John F. Russell: Rolling into a new bowling season |

John F. Russell: Rolling into a new bowling season

— On Thursday night, there was a reason to celebrate. There was a reason to get excited and a reason to be optimistic about a new season.

It was opening night.

I'm not talking about the Denver Broncos rolling past the defending Super Bowl champion Baltimore Ravens at Sports Authority Field to kickoff the NFL season. No, I'm talking about returning to the Snow Bowl for the start of the Thursday Night Men's Bowling League. It's the place I spend most of my Thursday nights in the colder months in Steamboat Springs. Sure I complain about having to show up every week, but I enjoy bowling. The alternative would be to head home after work and watch television.

There was a time when more than a few readers could relate to what I'm writing about. A generation ago, bowling was the place to be after a long day pushing a pencil or working in a factory.

But in today's world, it seems like bowling struggles to find a new audience. It seems like the game has been lost in a generation where there just isn't enough time, a generation where there are too many computers, too many distractions. There are days people are consumed with whatever their children are doing. Many more prefer to spend a few hours on the back of a mountain bike before summer slips away. I still run into a lot of people who open bowl, but leagues these days are much smaller than when I started.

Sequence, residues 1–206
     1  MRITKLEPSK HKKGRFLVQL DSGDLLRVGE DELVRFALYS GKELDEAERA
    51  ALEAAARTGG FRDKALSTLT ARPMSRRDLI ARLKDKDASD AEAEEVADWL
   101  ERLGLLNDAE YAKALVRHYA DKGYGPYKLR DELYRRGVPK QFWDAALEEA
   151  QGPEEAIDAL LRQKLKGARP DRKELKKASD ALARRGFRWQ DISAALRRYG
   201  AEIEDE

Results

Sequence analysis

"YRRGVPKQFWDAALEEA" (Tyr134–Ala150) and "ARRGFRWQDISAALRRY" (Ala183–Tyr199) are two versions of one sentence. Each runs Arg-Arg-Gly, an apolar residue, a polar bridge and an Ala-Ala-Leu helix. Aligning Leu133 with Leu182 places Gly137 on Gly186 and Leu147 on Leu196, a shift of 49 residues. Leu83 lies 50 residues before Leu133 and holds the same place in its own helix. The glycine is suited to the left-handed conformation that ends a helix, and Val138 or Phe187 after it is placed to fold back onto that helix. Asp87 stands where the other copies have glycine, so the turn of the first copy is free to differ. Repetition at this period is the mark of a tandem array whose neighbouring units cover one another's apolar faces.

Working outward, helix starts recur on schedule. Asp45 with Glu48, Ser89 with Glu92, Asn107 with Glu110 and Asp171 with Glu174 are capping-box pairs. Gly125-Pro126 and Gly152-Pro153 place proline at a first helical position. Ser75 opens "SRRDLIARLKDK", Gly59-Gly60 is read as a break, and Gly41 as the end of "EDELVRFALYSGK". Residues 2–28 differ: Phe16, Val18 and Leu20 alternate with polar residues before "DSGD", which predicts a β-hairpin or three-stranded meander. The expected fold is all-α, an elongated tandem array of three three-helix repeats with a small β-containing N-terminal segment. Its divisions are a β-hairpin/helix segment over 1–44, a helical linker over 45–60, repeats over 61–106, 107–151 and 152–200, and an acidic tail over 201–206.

That's OK. I get it.

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But for a guy who grew up around bowling alleys, I think the game still has plenty to offer. Truth is, anyone who can roll a ball down a lane and is committed to showing up most weeks can bowl. Thanks to automatic score keeping, there is no reason to figure out the details of the game, and if you show up for a few weeks, most longtime bowlers will fill you in on the etiquette and the details of the game.

Bowling is a game that rewards consistency and improvement. It's a game that requires focus and discipline. It's also a game that offers a chance at perfection every single game. Sure, bowlers compete on teams, but once a bowler steps on the approach, it's just the bowler, the lane and the pins. Success is measured by how well you roll the ball, and although it seems easy enough to roll 12 strikes in a row, there are not many people who have done it.

But on Thursday night, it wasn't the chance of a high score that brought me back to the bowling alley. What brought me back was my commitment to the other four guys I bowl with and the chance to spend my Thursday evening playing the game I've enjoyed for most of my life. For me, that makes for a pretty good reason to celebrate another season.

To reach John F. Russell, call 970-871-4209 or email

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